"Do not go where the path may lead. Go instead where there is no path and leave a trail..." This advice from Ralph Waldo Emerson is used by Elizabeth Noble as the epigraph of her novel and she explores it in all sorts of unexpected ways.
There is a large cast of pathetic, sexually frustrated characters between her pastel covers, including Eve Gallagher, who has relocated with her husband to an apartment building on New York's Upper East Side but is struggling to relocate her mind and emotions, which remain stranded in her old home. She has gone where there is no path but is floundering, lost.
She is so lonely that she hovers around the mailbox a little longer than necessary, hoping that someone might talk to her. (The mailman doesn't count as "she hadn't really understood his thick Asian accent".) She is rescued from her misery by the one-time reclusive Violet, who has lived in the building for many years.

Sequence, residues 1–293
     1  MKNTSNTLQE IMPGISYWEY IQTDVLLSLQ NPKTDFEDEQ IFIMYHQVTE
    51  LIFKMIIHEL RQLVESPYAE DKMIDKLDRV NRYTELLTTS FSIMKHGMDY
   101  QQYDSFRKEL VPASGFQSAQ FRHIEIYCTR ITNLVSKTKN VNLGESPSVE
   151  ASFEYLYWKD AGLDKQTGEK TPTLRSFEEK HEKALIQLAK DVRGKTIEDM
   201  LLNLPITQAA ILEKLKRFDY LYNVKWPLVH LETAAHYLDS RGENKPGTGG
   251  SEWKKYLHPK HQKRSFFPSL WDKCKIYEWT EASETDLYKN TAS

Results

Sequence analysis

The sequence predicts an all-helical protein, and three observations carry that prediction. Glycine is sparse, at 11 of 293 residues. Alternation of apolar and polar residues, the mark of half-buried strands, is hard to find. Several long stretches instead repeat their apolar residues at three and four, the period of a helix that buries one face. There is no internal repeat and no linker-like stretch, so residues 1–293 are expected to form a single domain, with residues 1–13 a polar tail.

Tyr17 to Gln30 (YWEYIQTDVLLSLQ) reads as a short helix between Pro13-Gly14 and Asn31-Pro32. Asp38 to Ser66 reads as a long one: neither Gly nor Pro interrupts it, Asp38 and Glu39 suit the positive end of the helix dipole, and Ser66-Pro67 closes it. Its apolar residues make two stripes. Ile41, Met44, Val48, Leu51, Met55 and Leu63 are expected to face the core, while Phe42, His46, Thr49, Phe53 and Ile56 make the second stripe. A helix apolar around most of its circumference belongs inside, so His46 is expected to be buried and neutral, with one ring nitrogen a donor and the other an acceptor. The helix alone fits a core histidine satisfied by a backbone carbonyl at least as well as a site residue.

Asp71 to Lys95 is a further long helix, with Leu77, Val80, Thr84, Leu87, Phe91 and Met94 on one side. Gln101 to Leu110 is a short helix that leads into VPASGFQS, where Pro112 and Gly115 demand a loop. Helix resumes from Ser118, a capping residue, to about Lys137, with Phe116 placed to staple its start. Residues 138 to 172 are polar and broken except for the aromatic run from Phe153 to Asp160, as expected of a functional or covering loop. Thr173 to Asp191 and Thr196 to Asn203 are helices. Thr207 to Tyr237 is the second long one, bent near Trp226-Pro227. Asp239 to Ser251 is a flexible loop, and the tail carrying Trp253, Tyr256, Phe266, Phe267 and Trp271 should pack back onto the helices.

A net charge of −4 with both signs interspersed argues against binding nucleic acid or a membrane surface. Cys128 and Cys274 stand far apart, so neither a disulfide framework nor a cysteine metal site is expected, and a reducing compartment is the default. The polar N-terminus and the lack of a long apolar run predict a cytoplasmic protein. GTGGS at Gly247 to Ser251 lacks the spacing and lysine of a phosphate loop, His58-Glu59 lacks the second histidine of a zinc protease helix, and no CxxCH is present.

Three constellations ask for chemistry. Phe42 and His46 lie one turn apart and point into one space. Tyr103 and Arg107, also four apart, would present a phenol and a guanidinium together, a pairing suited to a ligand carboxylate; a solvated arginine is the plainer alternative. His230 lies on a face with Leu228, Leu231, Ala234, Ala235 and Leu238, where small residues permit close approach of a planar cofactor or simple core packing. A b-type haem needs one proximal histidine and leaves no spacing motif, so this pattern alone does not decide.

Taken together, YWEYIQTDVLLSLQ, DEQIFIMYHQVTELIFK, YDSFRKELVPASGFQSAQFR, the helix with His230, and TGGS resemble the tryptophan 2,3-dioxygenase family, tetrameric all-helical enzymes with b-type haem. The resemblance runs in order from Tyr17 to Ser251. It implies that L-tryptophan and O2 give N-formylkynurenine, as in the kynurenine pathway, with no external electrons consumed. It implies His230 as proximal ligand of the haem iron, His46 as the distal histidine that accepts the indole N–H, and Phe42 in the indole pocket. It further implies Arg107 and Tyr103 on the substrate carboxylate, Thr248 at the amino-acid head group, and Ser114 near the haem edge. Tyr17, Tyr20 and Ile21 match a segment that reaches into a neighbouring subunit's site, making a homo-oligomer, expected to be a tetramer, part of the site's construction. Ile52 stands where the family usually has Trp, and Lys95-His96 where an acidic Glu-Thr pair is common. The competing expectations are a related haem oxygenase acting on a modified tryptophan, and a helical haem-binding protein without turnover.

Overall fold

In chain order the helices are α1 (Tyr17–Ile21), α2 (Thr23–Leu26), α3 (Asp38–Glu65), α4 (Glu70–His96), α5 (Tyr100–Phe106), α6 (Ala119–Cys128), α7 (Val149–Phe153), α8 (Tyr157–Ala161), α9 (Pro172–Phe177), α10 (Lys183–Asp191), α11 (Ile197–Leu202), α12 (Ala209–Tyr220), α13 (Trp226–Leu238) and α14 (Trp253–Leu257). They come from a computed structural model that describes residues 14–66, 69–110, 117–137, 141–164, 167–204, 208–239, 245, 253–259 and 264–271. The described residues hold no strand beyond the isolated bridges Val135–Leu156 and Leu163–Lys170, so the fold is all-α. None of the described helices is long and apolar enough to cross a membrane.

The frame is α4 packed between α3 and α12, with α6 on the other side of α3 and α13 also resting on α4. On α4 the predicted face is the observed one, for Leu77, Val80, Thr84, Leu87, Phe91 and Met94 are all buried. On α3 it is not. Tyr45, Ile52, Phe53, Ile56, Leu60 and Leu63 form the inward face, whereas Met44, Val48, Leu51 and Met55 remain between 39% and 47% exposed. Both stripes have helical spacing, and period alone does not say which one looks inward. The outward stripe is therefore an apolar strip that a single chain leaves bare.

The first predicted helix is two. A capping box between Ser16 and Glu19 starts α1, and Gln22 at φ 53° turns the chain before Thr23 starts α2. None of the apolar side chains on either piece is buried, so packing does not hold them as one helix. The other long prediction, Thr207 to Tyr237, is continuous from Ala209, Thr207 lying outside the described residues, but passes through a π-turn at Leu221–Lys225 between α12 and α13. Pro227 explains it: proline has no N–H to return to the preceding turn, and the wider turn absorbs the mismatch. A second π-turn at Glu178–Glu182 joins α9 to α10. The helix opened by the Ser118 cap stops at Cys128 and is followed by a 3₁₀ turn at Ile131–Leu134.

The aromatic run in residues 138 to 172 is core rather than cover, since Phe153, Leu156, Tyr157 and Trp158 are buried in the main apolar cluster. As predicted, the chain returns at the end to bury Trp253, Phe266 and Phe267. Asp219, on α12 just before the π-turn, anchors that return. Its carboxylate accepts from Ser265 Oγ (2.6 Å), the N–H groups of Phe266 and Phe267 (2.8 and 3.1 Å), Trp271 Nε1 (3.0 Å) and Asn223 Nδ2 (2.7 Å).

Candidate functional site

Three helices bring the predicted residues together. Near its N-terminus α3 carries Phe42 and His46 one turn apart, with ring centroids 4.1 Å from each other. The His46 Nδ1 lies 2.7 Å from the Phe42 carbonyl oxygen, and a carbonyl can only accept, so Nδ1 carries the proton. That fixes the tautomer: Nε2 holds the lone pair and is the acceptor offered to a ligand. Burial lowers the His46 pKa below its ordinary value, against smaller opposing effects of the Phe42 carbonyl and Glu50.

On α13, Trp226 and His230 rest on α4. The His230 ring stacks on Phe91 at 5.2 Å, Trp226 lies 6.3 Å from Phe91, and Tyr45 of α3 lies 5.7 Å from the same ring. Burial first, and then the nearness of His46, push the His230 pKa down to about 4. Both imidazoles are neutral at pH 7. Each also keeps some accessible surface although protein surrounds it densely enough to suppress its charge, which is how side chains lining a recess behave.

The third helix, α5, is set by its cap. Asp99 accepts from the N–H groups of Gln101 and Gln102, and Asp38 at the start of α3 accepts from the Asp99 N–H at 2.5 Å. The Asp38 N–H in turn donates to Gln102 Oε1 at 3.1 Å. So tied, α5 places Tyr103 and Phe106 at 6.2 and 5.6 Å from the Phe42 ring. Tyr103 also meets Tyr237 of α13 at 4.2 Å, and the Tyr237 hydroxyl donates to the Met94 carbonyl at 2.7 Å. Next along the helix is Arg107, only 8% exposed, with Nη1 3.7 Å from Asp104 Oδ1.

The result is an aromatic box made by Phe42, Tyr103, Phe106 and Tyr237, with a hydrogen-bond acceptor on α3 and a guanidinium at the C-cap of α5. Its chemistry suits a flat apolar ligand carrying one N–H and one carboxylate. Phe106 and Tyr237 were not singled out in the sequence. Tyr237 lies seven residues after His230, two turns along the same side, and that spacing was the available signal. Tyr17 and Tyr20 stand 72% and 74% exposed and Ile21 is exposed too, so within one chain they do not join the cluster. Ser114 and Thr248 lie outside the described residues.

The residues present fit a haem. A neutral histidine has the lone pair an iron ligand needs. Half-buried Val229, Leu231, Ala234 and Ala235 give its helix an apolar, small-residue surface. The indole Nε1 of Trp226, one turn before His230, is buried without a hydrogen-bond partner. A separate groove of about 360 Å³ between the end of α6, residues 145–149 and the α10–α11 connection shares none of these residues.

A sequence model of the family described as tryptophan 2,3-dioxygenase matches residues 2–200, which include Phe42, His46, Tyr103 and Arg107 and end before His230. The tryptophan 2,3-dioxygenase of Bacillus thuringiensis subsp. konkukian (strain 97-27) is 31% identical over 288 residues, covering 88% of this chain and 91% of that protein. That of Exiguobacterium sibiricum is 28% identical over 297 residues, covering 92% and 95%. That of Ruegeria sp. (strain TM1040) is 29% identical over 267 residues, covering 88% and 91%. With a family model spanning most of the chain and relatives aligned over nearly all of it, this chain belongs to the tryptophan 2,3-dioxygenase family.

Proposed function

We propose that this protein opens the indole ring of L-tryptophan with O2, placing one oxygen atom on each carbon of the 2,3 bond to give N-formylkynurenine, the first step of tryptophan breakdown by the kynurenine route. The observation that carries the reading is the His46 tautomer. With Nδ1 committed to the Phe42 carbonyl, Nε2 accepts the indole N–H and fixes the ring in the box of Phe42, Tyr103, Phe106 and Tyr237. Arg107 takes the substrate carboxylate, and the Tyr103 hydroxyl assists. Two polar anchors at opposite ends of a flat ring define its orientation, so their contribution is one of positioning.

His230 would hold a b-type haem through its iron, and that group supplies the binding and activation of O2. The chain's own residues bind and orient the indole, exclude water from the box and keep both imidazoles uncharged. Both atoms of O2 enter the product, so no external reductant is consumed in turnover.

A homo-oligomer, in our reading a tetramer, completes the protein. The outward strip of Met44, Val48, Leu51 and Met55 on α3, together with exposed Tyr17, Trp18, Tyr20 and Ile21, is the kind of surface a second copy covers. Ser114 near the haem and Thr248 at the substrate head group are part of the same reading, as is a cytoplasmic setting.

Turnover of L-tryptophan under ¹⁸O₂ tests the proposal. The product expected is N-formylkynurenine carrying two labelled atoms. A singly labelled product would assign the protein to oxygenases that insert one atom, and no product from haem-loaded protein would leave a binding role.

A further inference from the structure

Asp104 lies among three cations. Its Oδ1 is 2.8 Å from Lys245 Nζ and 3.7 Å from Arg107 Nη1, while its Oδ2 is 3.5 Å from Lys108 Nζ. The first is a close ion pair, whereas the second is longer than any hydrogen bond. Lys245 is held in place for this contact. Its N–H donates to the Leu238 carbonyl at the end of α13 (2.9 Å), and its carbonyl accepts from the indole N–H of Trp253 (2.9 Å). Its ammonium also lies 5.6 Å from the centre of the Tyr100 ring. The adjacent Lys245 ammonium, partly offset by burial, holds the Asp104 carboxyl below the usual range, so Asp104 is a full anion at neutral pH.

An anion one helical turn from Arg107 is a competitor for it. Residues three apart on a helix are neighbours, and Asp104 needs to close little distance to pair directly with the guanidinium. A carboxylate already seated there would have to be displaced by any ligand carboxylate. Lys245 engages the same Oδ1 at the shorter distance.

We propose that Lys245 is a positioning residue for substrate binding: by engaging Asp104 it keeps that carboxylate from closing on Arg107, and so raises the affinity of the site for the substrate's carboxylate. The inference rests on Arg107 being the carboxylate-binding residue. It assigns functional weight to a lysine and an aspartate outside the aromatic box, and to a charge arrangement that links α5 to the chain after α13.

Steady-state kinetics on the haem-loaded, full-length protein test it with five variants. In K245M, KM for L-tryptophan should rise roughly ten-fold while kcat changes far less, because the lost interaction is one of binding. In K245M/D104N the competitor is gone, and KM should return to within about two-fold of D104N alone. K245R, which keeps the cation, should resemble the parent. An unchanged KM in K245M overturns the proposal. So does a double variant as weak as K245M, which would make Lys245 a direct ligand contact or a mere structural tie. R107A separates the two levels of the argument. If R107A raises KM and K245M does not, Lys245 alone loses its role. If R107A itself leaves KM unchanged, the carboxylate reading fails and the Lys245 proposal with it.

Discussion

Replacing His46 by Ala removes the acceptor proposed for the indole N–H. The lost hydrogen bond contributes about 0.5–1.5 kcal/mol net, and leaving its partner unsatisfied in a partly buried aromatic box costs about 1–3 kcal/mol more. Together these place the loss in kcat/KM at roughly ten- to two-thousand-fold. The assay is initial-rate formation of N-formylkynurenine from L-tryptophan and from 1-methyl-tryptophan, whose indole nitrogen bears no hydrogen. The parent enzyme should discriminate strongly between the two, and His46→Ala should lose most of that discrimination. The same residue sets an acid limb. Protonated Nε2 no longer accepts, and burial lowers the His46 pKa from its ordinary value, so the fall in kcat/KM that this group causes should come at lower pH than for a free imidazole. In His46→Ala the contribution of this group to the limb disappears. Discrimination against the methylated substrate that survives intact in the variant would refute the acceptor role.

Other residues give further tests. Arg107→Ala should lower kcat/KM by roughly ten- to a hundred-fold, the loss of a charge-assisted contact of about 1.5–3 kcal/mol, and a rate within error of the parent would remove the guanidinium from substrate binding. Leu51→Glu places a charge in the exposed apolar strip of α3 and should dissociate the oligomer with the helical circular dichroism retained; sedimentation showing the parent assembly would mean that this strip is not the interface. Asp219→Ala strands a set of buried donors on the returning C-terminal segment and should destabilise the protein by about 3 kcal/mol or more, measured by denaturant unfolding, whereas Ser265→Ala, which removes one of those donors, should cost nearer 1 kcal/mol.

So simple is this book that there is no chance of not understanding it. Alas, its clichéd prose, in which its protagonist lies in a "post-orgasmic puddle of gratitude", does not always inspire the turning of pages to meet the bores next door.